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Elevate to the Moon: Press Stroke & Shoulder Stroke. ~ Tom Simpson

Getting above the Stick: Shooting Tall

Most of us have pretty good bridges for getting over a blocking ball—at least when the blocker is not too close to the cue ball. But what about when we have to seriously elevate our stick because the balls are close together, and maybe we need some draw? We know that is much, much tougher.

Unless you’re really tall, extreme elevation is a challenge.

We’ll illustrate two different ways to accomplish extreme elevation and still keep your stick under control: the Press Stroke and the Shoulder Stroke. And yes, it’s even possible to get good draw while frozen to the rail!

Part of the difficulty with elevating, is keeping your stroke arm in the vertical swing plane. Most players wing their forearm out sideways to get more elevation. But then they can’t really see down their stick, and their tip is moving side to side as they stroke. Problematic. The photos below show two surprising ways to elevate to an extreme, see down your stick, and stroke straight.

The Press Stroke requires flexibility and strength. Here are the steps, but once you have it, you can get there in one smooth move:

Simpson #126 - photo - press stroke 1-1

Photo 1: Press Stroke—set up

Shoulder stroke

Photo 2: Press Stroke—ready to hit

Choke way down on the cue. Stand close to the table, pressing the table with your thigh. Form a high open bridge on the rail. Using the webbing between the thumb and index finger of your grip hand, press the front of the stick down securely into your bridge. Maintain that downward pressure as you bend forward from the waist and raise the back of the stick to get into shooting position. Tuck your bridge elbow to your body as you bend.

To raise the butt of the stick, lift the point of your elbow straight up (vertically, not tilted). Unfortunately, we’re not ready to hit yet. Notice how my stroke arm is already fully folded. I have nothing to stroke with. The solution appears in the second photo.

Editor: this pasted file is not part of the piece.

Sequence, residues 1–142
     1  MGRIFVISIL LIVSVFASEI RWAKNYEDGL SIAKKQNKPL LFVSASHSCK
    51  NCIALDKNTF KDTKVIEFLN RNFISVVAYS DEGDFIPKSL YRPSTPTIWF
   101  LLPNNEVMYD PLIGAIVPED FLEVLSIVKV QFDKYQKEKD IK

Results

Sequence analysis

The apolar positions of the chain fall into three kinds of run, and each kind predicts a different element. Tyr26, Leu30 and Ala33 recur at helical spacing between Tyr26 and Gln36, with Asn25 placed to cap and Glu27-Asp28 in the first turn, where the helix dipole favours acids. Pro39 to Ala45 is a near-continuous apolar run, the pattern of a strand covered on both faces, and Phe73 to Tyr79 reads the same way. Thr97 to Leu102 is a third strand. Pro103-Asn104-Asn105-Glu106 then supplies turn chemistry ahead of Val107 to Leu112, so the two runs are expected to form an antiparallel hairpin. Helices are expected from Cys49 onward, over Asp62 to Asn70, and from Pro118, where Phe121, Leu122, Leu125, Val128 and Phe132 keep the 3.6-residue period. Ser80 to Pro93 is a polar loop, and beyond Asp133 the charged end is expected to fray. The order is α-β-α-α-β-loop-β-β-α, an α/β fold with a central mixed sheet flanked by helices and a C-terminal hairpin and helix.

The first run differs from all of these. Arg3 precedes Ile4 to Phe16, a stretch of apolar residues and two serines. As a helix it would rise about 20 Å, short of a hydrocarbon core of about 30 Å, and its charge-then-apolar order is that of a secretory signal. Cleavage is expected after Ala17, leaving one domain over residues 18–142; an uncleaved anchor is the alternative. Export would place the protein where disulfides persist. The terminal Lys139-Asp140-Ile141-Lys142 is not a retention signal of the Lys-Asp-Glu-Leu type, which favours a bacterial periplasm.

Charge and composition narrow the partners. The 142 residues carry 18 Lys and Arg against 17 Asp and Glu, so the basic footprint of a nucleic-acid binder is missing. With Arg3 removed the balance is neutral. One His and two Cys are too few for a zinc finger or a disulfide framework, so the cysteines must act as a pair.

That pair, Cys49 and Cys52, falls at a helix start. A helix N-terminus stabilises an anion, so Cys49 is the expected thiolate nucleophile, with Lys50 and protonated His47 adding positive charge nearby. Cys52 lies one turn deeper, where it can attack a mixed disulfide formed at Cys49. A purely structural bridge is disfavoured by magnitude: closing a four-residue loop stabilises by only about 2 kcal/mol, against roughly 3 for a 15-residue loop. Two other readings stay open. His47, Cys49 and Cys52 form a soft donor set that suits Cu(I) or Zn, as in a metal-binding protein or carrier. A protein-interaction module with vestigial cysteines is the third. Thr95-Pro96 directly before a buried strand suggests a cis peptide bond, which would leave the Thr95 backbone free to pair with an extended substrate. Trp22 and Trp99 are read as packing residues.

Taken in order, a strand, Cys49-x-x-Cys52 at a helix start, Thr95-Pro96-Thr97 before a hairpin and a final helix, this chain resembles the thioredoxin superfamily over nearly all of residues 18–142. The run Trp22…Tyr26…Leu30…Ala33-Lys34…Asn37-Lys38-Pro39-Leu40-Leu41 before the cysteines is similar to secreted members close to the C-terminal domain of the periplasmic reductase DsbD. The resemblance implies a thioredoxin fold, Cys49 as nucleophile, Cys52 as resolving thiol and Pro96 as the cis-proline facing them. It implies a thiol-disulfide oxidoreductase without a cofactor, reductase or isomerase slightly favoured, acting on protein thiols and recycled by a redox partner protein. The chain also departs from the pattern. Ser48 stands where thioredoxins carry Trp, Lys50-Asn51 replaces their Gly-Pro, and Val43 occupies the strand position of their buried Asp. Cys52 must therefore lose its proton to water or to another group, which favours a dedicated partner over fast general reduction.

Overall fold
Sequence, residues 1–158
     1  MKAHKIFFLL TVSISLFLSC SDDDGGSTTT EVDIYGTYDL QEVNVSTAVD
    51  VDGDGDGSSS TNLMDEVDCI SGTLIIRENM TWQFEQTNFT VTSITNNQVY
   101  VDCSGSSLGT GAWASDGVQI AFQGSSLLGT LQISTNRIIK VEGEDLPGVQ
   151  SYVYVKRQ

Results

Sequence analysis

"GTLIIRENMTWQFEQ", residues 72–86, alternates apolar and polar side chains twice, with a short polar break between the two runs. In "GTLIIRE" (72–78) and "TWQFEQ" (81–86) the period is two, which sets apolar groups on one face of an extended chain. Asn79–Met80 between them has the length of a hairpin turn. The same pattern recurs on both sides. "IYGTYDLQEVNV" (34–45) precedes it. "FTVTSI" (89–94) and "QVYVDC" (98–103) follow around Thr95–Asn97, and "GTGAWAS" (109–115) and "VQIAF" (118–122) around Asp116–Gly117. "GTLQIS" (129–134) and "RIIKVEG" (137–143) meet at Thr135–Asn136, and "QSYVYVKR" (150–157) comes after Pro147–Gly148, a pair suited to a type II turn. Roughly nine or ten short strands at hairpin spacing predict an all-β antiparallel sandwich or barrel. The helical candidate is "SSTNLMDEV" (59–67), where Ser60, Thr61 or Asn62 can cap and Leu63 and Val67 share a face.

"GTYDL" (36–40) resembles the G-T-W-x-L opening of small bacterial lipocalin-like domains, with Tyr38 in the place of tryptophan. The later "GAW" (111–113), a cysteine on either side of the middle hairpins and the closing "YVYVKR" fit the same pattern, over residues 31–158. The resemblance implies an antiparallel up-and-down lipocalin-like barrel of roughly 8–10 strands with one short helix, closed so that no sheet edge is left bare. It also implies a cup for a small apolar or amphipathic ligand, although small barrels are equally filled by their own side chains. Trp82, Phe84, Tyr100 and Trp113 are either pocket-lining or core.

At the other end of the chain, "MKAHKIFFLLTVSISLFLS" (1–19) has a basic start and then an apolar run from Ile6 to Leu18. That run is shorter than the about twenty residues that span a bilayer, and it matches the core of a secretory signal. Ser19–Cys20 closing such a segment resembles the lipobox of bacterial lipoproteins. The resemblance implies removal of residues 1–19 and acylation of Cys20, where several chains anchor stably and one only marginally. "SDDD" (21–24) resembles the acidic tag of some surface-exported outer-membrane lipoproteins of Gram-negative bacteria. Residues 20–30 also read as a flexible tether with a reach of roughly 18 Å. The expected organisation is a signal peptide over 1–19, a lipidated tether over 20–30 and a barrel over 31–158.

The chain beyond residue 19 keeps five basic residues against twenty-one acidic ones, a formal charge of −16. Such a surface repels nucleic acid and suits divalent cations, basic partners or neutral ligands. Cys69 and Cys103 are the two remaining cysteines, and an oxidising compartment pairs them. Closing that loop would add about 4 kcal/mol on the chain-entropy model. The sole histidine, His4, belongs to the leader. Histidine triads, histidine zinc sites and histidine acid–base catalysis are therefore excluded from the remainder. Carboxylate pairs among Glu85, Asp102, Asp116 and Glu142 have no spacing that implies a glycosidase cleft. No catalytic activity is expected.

The final move is pretty weird, but it works.

To get stroke room for your arm, glide your head down the stick line until your forearm is perpendicular to the stick when the tip is near the cue ball. This puts your arm in the proper place to perform an accurate, athletic stroke. Of course, it will seem very strange to have your eyes overtop the cue ball, and you will have had to aim well prior to the head move. Don’t try to hold this position for long. You’re using lots of muscle. Finally, stroke and hit while holding the stick against your chest for greater stability.

The Shoulder Stroke is remarkably easy for most players. They’ve just never seen it. Even players with physical limitations like neck pain, stiffness, and lack of flexibility can usually do well with this technique:

Shoulder stroke

Photo 3: Shoulder Stroke

The beauty of the Shoulder Stroke is that you can stand up straight and comfortably see down most of the length of the stick. The actual stroke is different from the standard, but so is this technique. So what if the method is unconventional? It works, and it’s legal.

Stand facing fairly square to the shot. Find a place on your shoulder where the stick can ride fairly smoothly and you can see down it. Make a high bridge.

Here’s the key—grip the shaft about halfway between the joint and tip. Hold the stick gently against your shoulder and your bridge by pulling your elbow straight back along the line of your forearm. Find the angle and pulling pressure that allows the stick to stroke smoothly and straight, without slipping around on your shoulder or being loose in your bridge. Stroke with your forearm right through the cue ball like you’re trying to hit the table.

On elevated shots like this, most players prefer looking at the cue ball during the hit stroke. Notice in Photo 3, I’m taking a half tip of cushion. It’s rubber, after all. I’m going through like it’s not there. Draw off the cushion? Yep, it’s beautiful and it’s easier than you’d think, but it could cost you some “customers.”

Tom Simpson has been a player most of his life, and has been an active instructor since 1994. In 1994, Tom founded Elephant Balls, Ltd., the manufacturer & marketer of Elephant Practice Balls, the Ghostball Aim Trainer, and numerous other products. He is a PBIA Master Instructor (9 worldwide) and Member of the Instructor Committee. He is an ACS Level 4 Instructor/Coach (top level – internationally recognized) and the founder of the National Billiard Academy (Accredited PBIA Master Academy – since 2004). He is also a Secret Aiming Systems™ Coach. Check out his website.

Photo: Alex LA/Flickr Editor: Edith Lazenby

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